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Précis of Principles of Brain Evolution

Published online by Cambridge University Press:  15 March 2006

Georg F. Striedter
Affiliation:
Department of Neurobiology and Behavior and Center for the Neurobiology of Learning and Memory, University of California at Irvine, Irvine, CA 92697-4550. gstriedt@uci.edu http://www.faculty.uci.edu/profile.cfm?faculty_id=3006

Abstract

Brain evolution is a complex weave of species similarities and differences, bound by diverse rules and principles. This book is a detailed examination of these principles, using data from a wide array of vertebrates but minimizing technical details and terminology. It is written for advanced undergraduates, graduate students, and more senior scientists who already know something about “the brain,” but want a deeper understanding of how diverse brains evolved. The book's central theme is that evolutionary changes in absolute brain size tend to correlate with many other aspects of brain structure and function, including the proportional size of individual brain regions, their complexity, and their neuronal connections. To explain these correlations, the book delves into rules of brain development and asks how changes in brain structure impact function and behavior. Two chapters focus specifically on how mammal brains diverged from other brains and how Homo sapiens evolved a very large and “special” brain.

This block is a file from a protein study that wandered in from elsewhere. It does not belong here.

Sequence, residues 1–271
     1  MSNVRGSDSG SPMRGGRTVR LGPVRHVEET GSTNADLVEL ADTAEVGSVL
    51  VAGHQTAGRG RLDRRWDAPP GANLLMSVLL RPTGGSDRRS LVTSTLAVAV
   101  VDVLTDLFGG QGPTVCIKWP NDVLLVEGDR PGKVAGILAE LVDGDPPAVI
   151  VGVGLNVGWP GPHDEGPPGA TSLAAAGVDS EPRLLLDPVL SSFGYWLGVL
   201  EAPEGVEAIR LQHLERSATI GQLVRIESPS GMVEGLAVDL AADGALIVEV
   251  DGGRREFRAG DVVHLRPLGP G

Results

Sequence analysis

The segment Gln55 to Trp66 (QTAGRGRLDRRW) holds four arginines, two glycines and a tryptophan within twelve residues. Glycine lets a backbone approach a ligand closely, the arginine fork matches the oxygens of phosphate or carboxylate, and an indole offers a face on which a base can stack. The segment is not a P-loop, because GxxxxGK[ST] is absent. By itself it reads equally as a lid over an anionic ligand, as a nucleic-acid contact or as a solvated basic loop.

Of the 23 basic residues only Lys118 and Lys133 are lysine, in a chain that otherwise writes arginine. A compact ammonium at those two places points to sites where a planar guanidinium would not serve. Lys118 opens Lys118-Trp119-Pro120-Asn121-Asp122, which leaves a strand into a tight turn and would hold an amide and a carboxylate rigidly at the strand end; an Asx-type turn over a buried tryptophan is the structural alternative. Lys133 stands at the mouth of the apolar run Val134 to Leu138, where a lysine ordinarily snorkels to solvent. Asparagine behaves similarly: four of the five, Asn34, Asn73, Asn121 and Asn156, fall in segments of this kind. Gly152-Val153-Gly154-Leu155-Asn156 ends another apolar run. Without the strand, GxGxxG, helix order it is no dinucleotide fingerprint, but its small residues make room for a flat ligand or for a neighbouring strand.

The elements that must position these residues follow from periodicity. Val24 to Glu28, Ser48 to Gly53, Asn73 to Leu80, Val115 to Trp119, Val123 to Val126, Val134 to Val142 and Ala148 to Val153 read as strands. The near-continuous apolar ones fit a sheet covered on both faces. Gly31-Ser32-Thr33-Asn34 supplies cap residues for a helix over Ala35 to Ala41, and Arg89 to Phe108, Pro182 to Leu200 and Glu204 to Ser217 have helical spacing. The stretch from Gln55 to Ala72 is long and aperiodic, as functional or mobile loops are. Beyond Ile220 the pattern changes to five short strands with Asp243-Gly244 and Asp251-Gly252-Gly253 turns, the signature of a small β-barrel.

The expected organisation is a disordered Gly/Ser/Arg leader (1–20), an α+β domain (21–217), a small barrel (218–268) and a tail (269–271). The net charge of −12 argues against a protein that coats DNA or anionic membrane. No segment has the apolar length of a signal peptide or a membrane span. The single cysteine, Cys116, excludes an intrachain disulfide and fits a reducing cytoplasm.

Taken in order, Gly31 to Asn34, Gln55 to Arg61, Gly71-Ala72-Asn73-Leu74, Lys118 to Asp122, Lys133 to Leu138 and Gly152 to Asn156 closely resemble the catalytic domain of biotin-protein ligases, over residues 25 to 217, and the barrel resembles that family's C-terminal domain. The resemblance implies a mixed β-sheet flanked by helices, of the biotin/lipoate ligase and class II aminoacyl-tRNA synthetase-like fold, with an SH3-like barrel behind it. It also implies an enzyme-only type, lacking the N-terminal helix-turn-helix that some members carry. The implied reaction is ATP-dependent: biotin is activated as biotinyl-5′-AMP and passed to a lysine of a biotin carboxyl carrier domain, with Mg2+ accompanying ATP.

Type
Main Article
Copyright
© 2006 Cambridge University Press

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